Native Plants: Good for your Yard, Good for the Forests
3 things you can do
1. Reduce Invasive Seed Rain
The most important step you can take is to cut “survival rings” around ivy-infested trees. Ivy goes to seed when it climbs vertically, so severing vines saves the tree and slow ivy’s rate of spread. Do this for wild clematis vines (Clematis vitalba), too. Don’t pull vines down; it could damage the tree and endanger you - let ivy and clematis “wither on the vine.” .
Girdle English holly, hawthorn, and laurel (saw a ¼ inch “kerf” around the stem at breast-height), or cut and peel off a section of bark in spring when the bark is "slipping." Invasive trees will resprout, so break off new shoots to eventually starve the plant – this may take years. If you want faster results and have weighed the risks and benefits of herbicide applications, you may find licensed professionals on the Herbicide Info page. The Step by Step guide offers a detailed understanding of restoration practices so you can do-it-yourself or direct hired help. If you're in a wetland or slide-prone area, check Environmentally Critical Area status with your local jurisdiction before clearing invasive vegetation.
Other invasive seed rain sources in Western Washington include: English and Portuguese laurels, pyracantha, cotoneaster, sweet cherry, wild plums, European mountain ash, Japanese honeysuckle, and Bohemian knotweed (see SeedRain Species page).
Knotweed is an invasive plant that spreads primarily by root/plant fragments and yard waste dumpings. Cutting it back will cause 20 times the root suckers, much like horsetail (native) or holly (invasive). Knotweed roots can grow 15 feet deep along streambanks, making removal impossible without causing erosion that can smother salmon eggs. The autumn leaf drop of knotweed has almost no nutrition, so neglecting infestations will severely degrade a diverse food chain that feeds salmon fingerlings.
Eradication of knotweed requires infestations to be unpruned for licensed professionals to apply wetland-safe aquatic herbicide approved by the Dept. of Ecology.
2. Increase Native Seed Sources
Native plants provide a diversity of food for native pollinators and birds in extended seasons.
Plants with high habitat value that can spread naturally include:
Inexpensive bareroot native plants can be ordered every January through most County Conservation Districts.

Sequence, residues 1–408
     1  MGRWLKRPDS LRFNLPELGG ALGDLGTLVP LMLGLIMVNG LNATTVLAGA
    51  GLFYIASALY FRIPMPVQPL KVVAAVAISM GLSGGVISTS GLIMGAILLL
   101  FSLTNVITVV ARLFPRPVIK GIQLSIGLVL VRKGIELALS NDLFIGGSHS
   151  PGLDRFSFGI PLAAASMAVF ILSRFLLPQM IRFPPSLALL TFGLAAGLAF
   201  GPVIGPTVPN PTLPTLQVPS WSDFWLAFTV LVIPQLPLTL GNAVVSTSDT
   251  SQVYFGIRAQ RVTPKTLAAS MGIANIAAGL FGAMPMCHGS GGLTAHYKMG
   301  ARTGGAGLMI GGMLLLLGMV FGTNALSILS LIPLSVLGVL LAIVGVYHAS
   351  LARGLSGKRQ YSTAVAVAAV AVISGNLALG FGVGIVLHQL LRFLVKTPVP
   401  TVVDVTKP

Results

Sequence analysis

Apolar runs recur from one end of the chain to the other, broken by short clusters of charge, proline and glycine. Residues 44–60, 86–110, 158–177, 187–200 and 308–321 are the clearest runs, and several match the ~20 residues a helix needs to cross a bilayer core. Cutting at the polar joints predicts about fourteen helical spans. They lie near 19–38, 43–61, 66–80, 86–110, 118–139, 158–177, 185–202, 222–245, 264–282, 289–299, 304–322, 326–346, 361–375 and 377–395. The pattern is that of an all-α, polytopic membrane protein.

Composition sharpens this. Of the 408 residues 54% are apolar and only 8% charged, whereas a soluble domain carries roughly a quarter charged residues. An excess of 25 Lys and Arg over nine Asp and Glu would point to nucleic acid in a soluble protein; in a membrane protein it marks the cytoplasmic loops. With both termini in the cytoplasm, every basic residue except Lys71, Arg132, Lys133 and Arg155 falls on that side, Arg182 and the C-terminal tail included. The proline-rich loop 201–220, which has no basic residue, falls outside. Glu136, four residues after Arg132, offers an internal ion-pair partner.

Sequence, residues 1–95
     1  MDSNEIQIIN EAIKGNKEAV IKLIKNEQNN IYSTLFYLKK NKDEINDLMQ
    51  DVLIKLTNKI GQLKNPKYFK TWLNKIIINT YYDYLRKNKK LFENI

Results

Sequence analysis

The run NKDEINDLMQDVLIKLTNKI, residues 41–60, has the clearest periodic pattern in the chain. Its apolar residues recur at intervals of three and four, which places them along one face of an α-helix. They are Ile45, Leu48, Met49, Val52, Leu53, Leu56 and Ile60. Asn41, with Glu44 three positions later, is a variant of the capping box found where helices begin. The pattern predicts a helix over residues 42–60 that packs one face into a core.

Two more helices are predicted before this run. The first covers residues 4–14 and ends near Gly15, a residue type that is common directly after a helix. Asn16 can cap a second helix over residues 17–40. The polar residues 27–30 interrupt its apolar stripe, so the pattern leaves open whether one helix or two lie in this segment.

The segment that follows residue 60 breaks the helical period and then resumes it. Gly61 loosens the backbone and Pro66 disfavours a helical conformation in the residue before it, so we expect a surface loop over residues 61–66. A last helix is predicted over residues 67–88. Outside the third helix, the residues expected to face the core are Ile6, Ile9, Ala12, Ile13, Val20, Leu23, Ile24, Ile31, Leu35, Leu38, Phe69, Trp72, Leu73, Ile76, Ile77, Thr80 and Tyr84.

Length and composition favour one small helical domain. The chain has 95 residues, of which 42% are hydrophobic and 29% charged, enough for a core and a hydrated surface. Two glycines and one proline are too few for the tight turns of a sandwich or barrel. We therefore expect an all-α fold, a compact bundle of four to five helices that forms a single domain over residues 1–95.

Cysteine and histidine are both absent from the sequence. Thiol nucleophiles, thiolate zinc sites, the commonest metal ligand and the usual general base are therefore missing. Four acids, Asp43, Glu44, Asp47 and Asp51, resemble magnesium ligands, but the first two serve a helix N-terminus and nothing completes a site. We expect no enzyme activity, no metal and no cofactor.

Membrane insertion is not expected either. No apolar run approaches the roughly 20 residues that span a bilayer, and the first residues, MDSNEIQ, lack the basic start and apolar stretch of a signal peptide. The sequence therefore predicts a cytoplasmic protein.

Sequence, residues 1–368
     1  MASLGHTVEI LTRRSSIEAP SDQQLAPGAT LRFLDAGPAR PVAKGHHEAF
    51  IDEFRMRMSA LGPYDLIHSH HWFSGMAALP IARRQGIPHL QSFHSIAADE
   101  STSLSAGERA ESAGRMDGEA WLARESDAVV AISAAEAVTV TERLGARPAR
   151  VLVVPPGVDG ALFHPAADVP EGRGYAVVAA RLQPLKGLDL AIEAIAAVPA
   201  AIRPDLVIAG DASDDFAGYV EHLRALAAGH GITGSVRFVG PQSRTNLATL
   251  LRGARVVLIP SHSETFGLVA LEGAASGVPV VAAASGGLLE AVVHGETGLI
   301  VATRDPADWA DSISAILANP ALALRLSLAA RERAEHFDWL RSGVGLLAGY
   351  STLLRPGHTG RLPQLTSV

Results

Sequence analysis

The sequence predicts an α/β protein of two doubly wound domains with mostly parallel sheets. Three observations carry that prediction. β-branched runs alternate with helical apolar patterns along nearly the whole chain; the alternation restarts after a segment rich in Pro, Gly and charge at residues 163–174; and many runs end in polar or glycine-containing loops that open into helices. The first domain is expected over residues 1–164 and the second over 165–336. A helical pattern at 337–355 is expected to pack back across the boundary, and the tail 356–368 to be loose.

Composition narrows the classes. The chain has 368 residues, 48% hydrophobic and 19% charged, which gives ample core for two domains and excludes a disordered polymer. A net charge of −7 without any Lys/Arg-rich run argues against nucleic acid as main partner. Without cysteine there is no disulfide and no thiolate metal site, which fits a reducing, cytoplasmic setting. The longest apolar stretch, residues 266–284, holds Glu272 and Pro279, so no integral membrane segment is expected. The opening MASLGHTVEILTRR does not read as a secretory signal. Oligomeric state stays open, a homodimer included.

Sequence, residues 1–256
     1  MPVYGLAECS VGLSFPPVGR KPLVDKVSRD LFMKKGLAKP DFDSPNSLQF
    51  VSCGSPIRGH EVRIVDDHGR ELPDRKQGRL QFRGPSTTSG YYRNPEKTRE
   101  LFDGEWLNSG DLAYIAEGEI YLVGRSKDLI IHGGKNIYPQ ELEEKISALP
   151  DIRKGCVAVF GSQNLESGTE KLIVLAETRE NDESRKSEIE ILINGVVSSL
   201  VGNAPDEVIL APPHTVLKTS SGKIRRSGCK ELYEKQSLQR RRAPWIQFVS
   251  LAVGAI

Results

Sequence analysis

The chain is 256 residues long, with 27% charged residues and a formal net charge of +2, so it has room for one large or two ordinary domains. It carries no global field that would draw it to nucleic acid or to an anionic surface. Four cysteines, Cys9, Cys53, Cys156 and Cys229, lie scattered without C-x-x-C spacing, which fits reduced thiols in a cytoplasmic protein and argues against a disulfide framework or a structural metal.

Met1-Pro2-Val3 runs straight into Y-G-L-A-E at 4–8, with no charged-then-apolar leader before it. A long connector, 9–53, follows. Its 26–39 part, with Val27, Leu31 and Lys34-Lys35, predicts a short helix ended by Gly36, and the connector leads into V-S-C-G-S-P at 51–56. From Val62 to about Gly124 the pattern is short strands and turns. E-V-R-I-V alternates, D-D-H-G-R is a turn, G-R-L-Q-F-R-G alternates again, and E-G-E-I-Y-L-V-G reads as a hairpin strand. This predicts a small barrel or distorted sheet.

3. Enhance the forest's soil “sponge” to
preserve water quality
Any loss of tree cover or soil health will exacerbate flooding and stormwater pollution. "Stormwater" is rain run-off from roads, driveways, lawns, and combined stormwater-sewer overflows. Stormwater is considered the #1 source of toxins fouling Puget Sound and other water bodies.
Evergreen trees intercept twice the stormwater than deciduous trees during winter rains. Plant native evergreen conifers (Douglas fir, Western Red Cedar, Western Hemlock, Sitka Spruce, Grand fir) on appropriate sized properties to accommodate their mature heights (avoid overhead and underground utilities). Smaller properties might be better with shorter trees, such as Shore pine or Pacific Yew, or evergreen shrubs and groundcovers (see Step by Step Guide for more plant suggestions).
Another way to recreate the forest sponge is to transform your lawn with a diversity of plants - native plants are better, 4-5 times more attractive to native birds and pollinators. Improve your soil's sponge by leaving appropriate organic matter ("grass-cycling," leaves, and plant trimmings) spread out, including messy areas for ground-nesting pollinators, leaving any stumps intact as wildlife snags with rotting roots in the ground. Nurselogs (with ground contact) and any "habitat piles" of kindling-like branches should be kept away from fire-safe zones around structures. Ask local tree services for arborist’s woodchips to mulch trees (keep woodchips 4 inches away from plant stems) and perennial beds. Create a 1-ft deep berm of woodchips to filter runoff from driveways and dog runs. If you're not in a slide-prone zone, consider a raingarden to capture and absorb rainfall from your roof. An excellent summary of “green infrastructure” to reduce stormwater runoff can be found at Tox-Ick.org.